A: Volunteering for something you believe in is truly invigorating. I never see my volunteer work for the art exchange as a chore and being a part of something that brings my local community together with a global connection helps not only me, but those connected by it.
With spring fast approaching both Maine and Aomori, it seems appropriate to look at an aspect of Aomori’s culture that resembles that of the State of Maine. Maine is renowned for its vibrant natural environment and abundance of outdoor activities – especially in its national and state parks, which are enjoyed by both locals and visiting tourists.
So, how about Aomori’s natural environment and outdoor culture?
In the interior of the Tohoku region and spreading across the Prefectures of Aomori, Akita, and Iwate, resides Towada-Hachimantai National Park. The park is split up into two separate areas: the Northern area known as Towada-Hakkoda (which is within both Aomori and Akita), and the Southern area known as Hachimantai (which is within both Akita and Iwate). Each area – North and South – has equally stunning scenery and a variety of outdoor activities, such as hiking trails, rustic hot springs, tourist boat rides, snowshoe hiking, winter/spring skiing, camping, and nature tours.
Natural Features: Mount Hokkada, Lake Towada, Oirase-Keiryu (mountain stream & gorge), The Hakkoda Branch of the Tohoku University Botanical Garden, volcanic land formations
Wild Habitats for: Asiatic Black Bears, Golden Eagles, and the Japanese Serow (resembles a deer, but is a member of the cow family)
Natural Features: Mount Hachimantai, a highland marsh/Hachiman pond, Mt. Iwate, Mt. Akita-Komagatake, Mt. Yake-Yama, the Hachimantai Aspite line (corridor of snow – so winter only!), Juhyo (frost-covered trees – so winter only!), volcanic land formations
Wild Habitats for: Golden Eagles, the Japanese Serow (resembles a deer, but is a member of the cow family), Forest Green Tree Frog (species unique to Japan), and a variety of alpine plants
Like the woodlands of Maine, Towada-Hachimantai National Park is admired for it’s ability to appeal to the visitor regardless of the season. Whether it be Spring, Summer, Fall, or Winter, people are drawn to these mountains, lakes, and woods in order to experience the power and beauty of nature.
For more information on Towada-Hachimantai National Park and it’s different areas, please check out the links below!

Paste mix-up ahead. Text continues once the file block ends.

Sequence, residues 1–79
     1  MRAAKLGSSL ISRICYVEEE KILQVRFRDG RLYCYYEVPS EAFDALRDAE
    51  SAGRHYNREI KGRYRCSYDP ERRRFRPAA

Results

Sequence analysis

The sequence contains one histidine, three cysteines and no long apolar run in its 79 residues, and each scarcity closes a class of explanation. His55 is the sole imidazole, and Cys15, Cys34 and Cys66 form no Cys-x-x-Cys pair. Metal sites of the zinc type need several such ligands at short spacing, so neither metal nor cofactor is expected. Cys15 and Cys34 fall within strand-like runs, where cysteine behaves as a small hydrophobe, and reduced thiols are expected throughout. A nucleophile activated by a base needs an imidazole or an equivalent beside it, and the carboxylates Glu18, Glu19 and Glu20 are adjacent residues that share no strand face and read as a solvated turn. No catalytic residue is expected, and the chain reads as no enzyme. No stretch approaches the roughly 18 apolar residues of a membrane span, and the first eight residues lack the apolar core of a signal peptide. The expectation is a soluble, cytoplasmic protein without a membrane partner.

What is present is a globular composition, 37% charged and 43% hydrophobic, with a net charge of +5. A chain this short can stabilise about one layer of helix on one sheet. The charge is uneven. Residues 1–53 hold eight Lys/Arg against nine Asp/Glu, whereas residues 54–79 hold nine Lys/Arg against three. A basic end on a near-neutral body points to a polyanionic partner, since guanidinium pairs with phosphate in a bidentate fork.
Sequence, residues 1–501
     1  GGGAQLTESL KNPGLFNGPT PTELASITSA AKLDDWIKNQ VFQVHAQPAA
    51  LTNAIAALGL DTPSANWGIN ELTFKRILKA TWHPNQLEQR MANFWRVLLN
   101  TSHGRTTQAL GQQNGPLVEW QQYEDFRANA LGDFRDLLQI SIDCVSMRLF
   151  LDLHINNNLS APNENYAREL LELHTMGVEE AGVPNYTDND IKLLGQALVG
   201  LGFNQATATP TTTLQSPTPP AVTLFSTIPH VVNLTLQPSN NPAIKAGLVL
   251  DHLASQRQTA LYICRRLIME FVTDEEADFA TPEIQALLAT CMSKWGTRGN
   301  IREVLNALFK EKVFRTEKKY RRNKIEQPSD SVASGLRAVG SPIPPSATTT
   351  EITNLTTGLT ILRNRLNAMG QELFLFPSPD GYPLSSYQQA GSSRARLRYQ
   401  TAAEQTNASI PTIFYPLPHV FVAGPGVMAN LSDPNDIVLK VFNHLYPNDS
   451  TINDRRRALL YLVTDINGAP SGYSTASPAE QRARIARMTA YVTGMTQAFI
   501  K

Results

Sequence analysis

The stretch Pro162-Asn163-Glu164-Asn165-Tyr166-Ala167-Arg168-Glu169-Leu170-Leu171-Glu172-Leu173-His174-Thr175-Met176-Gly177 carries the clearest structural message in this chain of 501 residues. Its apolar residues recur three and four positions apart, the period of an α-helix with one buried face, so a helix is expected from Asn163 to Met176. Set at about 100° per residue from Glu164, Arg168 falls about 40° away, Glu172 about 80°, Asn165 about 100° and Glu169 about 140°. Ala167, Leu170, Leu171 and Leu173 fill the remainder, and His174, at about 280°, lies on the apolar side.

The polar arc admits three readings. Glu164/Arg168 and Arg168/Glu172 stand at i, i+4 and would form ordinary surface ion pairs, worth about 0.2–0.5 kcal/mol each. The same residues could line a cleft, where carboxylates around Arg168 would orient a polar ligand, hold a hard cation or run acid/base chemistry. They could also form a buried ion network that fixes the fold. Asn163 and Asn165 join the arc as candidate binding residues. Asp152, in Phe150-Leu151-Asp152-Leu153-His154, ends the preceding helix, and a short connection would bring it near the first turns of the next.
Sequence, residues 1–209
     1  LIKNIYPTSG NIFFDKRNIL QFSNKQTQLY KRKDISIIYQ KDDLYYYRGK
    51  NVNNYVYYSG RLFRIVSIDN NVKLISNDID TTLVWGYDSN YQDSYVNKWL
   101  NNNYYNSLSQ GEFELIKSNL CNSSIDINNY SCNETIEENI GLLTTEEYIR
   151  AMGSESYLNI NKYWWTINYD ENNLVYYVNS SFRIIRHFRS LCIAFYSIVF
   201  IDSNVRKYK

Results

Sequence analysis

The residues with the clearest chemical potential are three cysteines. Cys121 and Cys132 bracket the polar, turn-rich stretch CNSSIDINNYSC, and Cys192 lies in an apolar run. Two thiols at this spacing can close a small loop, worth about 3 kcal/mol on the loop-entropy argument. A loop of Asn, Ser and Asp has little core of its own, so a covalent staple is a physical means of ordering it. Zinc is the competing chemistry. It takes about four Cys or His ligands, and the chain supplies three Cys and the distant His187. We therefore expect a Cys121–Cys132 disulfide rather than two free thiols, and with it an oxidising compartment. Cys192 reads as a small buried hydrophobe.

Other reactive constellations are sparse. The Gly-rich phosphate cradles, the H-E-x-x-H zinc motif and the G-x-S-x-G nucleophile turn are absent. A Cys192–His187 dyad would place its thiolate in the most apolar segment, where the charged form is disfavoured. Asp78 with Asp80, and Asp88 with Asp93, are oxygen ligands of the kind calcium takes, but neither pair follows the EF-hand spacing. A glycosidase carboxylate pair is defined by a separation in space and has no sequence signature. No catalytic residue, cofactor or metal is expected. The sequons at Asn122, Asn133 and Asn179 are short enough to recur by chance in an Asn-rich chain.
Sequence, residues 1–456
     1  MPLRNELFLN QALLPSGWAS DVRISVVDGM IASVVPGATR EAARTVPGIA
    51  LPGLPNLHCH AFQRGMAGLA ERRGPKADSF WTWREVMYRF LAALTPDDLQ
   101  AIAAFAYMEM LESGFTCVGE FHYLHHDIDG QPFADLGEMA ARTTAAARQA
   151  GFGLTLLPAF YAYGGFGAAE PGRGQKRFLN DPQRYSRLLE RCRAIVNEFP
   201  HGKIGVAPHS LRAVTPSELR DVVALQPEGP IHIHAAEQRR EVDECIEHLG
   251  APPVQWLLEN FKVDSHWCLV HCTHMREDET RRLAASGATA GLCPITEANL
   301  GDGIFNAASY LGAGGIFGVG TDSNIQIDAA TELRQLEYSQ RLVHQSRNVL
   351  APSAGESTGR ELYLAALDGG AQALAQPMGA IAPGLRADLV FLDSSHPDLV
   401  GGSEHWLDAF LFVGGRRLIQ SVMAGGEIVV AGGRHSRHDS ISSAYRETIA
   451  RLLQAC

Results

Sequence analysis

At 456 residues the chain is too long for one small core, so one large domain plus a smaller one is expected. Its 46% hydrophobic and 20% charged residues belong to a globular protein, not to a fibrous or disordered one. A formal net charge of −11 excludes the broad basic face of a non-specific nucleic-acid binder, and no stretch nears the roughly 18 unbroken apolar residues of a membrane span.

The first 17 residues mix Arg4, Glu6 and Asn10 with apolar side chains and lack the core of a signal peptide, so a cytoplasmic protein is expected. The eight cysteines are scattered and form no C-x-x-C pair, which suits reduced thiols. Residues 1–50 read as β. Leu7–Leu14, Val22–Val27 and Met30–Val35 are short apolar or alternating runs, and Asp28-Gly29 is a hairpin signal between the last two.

(All photo’s belong to the Ministry of the Environment: Government of Japan: http://www.env.go.jp/en/nature/nps/park/towada/point/index.html)
The Aomori Prefecture is well known for it’s abundant and delicious supply of scallops and apples – but what about the rest of its cuisine? Aomori is well known throughout Japan for it’s variety of healthy and authentic recipes as well as its fresh, local produce. Let’s explore five unique dishes that Aomori has to offer the hungry traveler!
1) Cha-gayu made with Kusa-cha
In this dish, Cha-Gayu (literally translated as tea-porridge) is made with a particular type of tea known as Kusa-cha, or grass-tea. This dish is a specialty of the town of Noheji, which is located at the Shimokita peninsula in the Aomori prefecture. Cha-gayu made with Kusa-cha is liked for its roasted, savory smell which is enhanced by a slightly sweet taste with hints of dashi stock.
This type of ramen originates from the Tanesashi coast in Hachinohe, Aomori and consists of a steamy combination of fresh seafood and simply salt for seasoning. Oftentimes Iso-ramen will have a wide variety of seafood in its recipe – from uni (sea urchin), to hoya (sea squirts), and perhaps even some awabi (abalone). When these ingredients are put together they form a rich, yet simplistic, dish.
3)Senbei-Jiru made with Nanbu-Senbei crackers
Another culinary specialty of the Hachinohe region is Senbei-Jiru, a vegetable soup that is made with special Nanbu-Senbei crackers. These crackers – which are a delightful snack on their own – are broken into pieces and then submerged into the soup where they soak up its flavor. Surprisingly, even after being soaked in the hot broth these crackers don’t fall apart!
This dish is an Aomori staple, and while it is typically made for special occasions, it can be found throughout the prefecture year-round. Ichigo-ni is a seafood soup that is made from uni (sea urchin) and awabi (abalone) that are mixed with soy sauce and salt. Its name translates to “boiled strawberries” and while there are no strawberries to be found in this recipe, it is believed to have gotten its name from the way that the floating uni resemble the wild strawberries of Aomori.
Our last dish on this list is called Igamenchi and is made out of squid tentacles and fins that are mixed with some vegetables and then deep fried. This dish is a favorite amongst Izakaya (Japanese pub) visitors, particularly in Hirosaki city where the dish originated, and is a perfect addition to drinks.
For more information on these foods as well as other delicacies from the Aomori Prefecture, please visit these references:
While the state of Maine seems to still be stuck in the midst of Winter, Spring Festivities in the Aomori Prefecture are approaching – the most notable being that 2017 will be the 100th year of the Hirosaki Cherry Blossom Festival!
Hirosaki City is located in the Aomori Prefecture and is home to Hirosaki Park and the famously picturesque Hirosaki Castle. The Cherry Blossom Festival in Hirosaki Park has been voted one of the best in the country and is held every year between late April and early May when the park’s approximately 2,600 cherry blossom trees are in full bloom. The festival offers a wide range of activities for visitors, from boat rides along the west moat, to picnics on the park grounds, and to the festival stalls full of seasonal food; with so much to do it’s easy to see why this festival draws over two million people per year!
For more information on the Hirosaki Cherry Blossom Festival, please visit the following: